Carmen Herrera, a Cuban-born abstract artist who gained fame in her late 80s, died on February 12, 2022 at the age of 106. Though Ms. Herrera’s artistic practice dates back to the early 1940s, her work was not widely acknowledged by the art world until the early 2000s. In 2021, the Blanton Museum of Art at the University of Texas at Austin commissioned Ms. Herrera to create a mural as part of a larger redesign of its outdoor spaces. 


A photograph of Nancy Koen by Hoyoung Le. Nancy looks up and to the side with a wide smile and bright eyes.

Nancy Koen. Photo by Hoyoung Le.

Nancy Koen, 1978 – 2022

Nancy Koen was a beloved presence in Dallas and beyond for many reasons, most recently for her role in running The Box Company with her husband and co-founder Jason Koen. In 2013, Ms. Koen co-created B STELLER, a modern jewelry design house, and in 2015 she was named a Dallas Culture Map’s Stylemaker Winner. In 2016 Mr. and Ms. Koen founded The Box Company, which has become known in Dallas for both its contemporary art space and its art services company. 

Tom Moody, c.1960s – 2022

Tom Moody, an artist, musician, and critic, died from COVID-19-related complications on March 19, 2022. Mr. Moody was a prolific artist who in many ways was ahead of the curve when it came to digital art. Best known for his low-tech art created using simple programs, Mr. Moody was also an early blogger who maintained multiple sites and contributed to many online communities. 


A black and white photograph of Oliver Franklin. He wears a dark jacket and looks to the side with his face almost in a full side profile.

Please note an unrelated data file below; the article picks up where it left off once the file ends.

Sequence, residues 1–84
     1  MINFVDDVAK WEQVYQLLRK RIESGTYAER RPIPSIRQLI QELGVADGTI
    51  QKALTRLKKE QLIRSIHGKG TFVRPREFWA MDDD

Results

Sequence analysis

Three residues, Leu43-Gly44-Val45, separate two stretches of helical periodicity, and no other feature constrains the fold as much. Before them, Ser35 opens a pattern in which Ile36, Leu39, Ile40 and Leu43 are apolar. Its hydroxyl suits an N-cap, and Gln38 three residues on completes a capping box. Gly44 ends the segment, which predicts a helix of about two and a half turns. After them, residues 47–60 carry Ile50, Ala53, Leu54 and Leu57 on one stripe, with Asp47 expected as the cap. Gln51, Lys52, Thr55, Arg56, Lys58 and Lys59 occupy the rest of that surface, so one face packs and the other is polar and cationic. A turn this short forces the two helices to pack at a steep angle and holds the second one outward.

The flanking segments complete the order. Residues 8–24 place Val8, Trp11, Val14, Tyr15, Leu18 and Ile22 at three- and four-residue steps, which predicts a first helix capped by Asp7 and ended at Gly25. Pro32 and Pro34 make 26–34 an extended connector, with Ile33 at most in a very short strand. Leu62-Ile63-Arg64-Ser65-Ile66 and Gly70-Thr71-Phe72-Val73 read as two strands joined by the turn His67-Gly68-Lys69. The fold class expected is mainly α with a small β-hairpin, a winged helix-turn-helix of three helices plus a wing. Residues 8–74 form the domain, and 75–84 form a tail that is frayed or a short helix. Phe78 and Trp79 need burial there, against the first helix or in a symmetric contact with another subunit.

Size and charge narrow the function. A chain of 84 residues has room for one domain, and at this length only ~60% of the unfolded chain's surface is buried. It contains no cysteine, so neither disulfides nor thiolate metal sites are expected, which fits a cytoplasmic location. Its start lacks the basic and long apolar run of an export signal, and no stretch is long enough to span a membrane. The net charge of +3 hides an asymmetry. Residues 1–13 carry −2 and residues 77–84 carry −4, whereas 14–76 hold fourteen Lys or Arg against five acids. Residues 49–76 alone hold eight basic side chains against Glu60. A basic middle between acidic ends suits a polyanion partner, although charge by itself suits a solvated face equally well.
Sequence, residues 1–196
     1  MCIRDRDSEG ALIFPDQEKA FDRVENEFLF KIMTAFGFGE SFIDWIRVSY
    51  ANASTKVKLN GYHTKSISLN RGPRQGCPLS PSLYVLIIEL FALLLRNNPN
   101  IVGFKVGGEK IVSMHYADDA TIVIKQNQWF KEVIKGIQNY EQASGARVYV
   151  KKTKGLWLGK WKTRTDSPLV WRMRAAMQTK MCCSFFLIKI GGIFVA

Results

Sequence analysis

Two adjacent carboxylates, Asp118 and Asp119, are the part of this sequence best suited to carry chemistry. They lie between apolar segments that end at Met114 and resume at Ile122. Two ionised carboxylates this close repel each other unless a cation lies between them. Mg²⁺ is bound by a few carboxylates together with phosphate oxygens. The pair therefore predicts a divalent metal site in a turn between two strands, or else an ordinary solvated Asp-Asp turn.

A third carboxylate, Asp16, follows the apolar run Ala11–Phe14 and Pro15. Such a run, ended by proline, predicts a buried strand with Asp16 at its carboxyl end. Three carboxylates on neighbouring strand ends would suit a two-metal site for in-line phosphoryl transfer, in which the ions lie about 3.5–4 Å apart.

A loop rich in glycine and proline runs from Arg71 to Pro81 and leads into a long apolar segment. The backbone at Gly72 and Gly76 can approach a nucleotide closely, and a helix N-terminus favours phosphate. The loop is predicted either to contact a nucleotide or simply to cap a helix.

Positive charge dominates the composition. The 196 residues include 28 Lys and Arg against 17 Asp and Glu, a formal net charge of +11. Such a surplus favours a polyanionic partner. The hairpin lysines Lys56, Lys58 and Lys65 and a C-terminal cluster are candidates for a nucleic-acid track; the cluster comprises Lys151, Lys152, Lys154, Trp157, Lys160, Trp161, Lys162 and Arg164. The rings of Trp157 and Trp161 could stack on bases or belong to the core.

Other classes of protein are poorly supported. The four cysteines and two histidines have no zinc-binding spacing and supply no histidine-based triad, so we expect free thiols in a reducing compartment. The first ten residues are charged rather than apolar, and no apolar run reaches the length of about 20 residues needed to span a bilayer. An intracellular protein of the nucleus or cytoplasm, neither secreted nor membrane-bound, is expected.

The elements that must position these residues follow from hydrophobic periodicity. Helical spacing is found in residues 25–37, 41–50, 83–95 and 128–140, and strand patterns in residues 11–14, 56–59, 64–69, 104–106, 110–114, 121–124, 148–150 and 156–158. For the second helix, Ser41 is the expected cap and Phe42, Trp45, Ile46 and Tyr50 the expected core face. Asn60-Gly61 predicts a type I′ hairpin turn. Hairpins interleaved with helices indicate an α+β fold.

Oliver Franklin

Oliver Franklin, 1961 – 2022

Oliver Franklin, the site director for the Elisabet Ney Museum in Austin, Texas, died on April 4, 2022 at the age of 60. During his time at the institution, he brought innovative programming that paired contemporary artists with the historic site. Over nearly a decade, Mr. Franklin presented works by more than ninety female artists, most of whom worked in sculpture.


A photograph of Nancy Brown Negley. She looks straight into the camera with a wide smile.

Nancy Brown Negley

Nancy Brown Negley, 1927 – 2022

Nancy Brown Negley, a Houston artist and philanthropist who founded the Dora Maar House residency program in Ménerbes, France, died on July 16, 2022. Throughout her life, Mrs. Negley was involved with cultural organizations in Texas and beyond. She was a founding trustee of the Southwest School of Art in San Antonio, which was established in 1965. In 1975, she was elected President of the San Antonio Conservation Society. In 1977, she was nominated by President Jimmy Carter to serve a two-year term as a member of the National Museum Services Board.